Report looks at ways Kentucky communities are battling obesity

Winchester residents walk the Traveling Trail, a walking
path meant to encourage residents to exercise.

A new report takes a hard look at obesity in Kentucky and highlights what individual communities are doing to combat the problem.

“Shaping Kentucky’s Future: A Community Guide to Reducing Obesity” could be useful to readers, officials and advocates interested in effecting change, with some efforts relatively easy — and cheap — to implement.

Statewide, 33 percent of children, 60 percent of women and 80 percent of men are overweight or obese, ranking Kentucky’s third highest in the country for children and sixth highest for adults. Health care costs attributable to obesity in Kentucky are estimated to be $2.3 billion in 2013.

The report highlights community efforts in:
• Berea, for its effort to make the city more accessible to pedestrians.
• Winchester, for mowing a walking trail on land owned by the community hospital.
• Louisville, for supporting breast-feeding mothers; selling healthy food at urban markets
• Madisonville, for Hopkins County’s wellness program for its 150 county employees.
• Lexington, for serving the Better Bites menu at several pools and city facilities, rather than unhealthy meals and snacks.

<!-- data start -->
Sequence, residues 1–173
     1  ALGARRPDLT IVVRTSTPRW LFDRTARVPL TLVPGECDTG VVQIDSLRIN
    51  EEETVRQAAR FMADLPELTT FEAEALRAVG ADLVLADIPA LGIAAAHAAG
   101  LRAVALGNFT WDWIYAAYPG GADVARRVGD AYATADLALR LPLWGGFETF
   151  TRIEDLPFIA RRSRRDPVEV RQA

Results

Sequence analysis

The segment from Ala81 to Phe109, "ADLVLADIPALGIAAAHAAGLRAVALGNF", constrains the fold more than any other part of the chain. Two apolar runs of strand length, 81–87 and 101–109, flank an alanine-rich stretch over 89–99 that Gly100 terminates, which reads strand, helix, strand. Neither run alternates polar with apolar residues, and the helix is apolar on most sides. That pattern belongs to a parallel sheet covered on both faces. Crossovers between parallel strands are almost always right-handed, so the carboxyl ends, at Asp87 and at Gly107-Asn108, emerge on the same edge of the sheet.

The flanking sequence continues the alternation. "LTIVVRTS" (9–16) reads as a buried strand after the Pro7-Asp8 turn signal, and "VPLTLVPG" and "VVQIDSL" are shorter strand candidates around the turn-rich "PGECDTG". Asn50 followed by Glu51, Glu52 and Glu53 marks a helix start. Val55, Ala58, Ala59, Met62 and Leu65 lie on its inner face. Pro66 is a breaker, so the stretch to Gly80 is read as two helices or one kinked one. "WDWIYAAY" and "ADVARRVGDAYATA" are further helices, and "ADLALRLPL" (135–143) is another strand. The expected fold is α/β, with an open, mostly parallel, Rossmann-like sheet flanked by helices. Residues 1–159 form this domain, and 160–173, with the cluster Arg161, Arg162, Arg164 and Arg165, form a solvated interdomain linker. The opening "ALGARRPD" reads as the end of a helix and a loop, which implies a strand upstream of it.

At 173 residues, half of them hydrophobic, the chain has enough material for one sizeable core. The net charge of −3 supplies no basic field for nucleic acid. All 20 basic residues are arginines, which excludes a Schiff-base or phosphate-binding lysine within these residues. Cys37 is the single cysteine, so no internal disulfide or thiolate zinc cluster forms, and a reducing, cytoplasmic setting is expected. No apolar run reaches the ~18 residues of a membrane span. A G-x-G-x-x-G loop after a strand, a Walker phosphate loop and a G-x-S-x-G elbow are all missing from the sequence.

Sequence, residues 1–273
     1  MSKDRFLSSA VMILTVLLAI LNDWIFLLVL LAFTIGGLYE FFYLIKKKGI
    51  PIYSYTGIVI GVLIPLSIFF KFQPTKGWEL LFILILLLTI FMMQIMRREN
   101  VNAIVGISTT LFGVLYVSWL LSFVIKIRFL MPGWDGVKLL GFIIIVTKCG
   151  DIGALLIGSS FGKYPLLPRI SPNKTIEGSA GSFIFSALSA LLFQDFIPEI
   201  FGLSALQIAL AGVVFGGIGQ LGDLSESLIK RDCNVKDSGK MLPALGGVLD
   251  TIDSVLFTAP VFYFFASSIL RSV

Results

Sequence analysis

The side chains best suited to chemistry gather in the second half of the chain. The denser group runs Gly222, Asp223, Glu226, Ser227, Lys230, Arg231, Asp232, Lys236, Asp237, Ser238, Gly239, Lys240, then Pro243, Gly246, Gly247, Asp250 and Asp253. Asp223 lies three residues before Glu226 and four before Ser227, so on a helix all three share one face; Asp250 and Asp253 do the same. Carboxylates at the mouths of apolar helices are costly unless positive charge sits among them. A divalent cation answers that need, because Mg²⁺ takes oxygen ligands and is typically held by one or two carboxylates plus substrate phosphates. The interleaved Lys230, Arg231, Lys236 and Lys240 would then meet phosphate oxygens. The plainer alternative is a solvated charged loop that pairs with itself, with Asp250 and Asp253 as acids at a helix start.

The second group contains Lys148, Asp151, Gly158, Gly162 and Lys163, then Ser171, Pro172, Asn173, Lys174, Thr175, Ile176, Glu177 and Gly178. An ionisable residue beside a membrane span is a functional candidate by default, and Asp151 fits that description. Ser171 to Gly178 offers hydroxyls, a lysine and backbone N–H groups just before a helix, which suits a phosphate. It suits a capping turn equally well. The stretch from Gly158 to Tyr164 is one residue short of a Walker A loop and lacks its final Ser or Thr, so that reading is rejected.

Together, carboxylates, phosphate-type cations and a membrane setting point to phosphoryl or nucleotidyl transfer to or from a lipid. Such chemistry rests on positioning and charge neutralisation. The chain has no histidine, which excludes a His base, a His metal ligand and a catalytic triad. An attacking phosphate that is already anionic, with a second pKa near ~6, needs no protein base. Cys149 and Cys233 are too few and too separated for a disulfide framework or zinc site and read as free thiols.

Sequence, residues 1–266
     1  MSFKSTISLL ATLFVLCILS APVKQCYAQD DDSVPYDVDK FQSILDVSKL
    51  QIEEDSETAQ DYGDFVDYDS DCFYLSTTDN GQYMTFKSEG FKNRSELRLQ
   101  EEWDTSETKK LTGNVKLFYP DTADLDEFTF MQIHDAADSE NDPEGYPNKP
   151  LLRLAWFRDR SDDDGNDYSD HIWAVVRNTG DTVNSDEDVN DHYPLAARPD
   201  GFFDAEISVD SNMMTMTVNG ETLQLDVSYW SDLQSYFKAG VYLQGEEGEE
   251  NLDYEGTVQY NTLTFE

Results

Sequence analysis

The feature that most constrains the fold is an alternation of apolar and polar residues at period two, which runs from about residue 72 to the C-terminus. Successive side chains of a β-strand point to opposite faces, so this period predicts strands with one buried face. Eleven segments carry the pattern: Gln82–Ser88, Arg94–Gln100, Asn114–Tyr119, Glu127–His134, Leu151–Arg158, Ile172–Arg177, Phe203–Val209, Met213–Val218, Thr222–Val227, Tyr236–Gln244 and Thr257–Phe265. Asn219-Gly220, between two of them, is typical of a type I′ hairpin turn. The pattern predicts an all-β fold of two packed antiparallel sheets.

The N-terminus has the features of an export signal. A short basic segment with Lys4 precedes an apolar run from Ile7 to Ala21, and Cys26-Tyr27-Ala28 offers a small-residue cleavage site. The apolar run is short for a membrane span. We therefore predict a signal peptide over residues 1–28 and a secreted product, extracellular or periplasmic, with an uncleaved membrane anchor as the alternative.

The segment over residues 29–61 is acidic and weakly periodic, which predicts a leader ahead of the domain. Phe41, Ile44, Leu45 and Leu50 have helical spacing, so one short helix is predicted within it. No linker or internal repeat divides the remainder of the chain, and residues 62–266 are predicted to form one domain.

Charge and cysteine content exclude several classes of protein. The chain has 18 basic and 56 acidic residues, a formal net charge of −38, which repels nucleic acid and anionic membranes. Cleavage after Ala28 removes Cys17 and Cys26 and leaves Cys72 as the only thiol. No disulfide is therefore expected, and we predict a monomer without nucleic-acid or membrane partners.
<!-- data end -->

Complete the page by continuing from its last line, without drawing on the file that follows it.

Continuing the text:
• Hopkinsville, for its farmers’ market being one of the first to accept SNAP nutrition assistance benefits.
• Tyner, for building a commercial kitchen so residents can process local food and package it for sale.
• Buckhorn, Lexington and Shelbyville, for opening up schools for exercise venues.

The report, which was funded by the Kentucky Department for Public Health, the Shaping Kentucky’s Future Collaborative and the Tides Foundation, also looks at success stories in schools, from an effort at Science Hill in Pulaski County to the Healthy Monday program in Covington, which includes walking the Monday Mile and eating the Monday Meatless Meal. (Read more)

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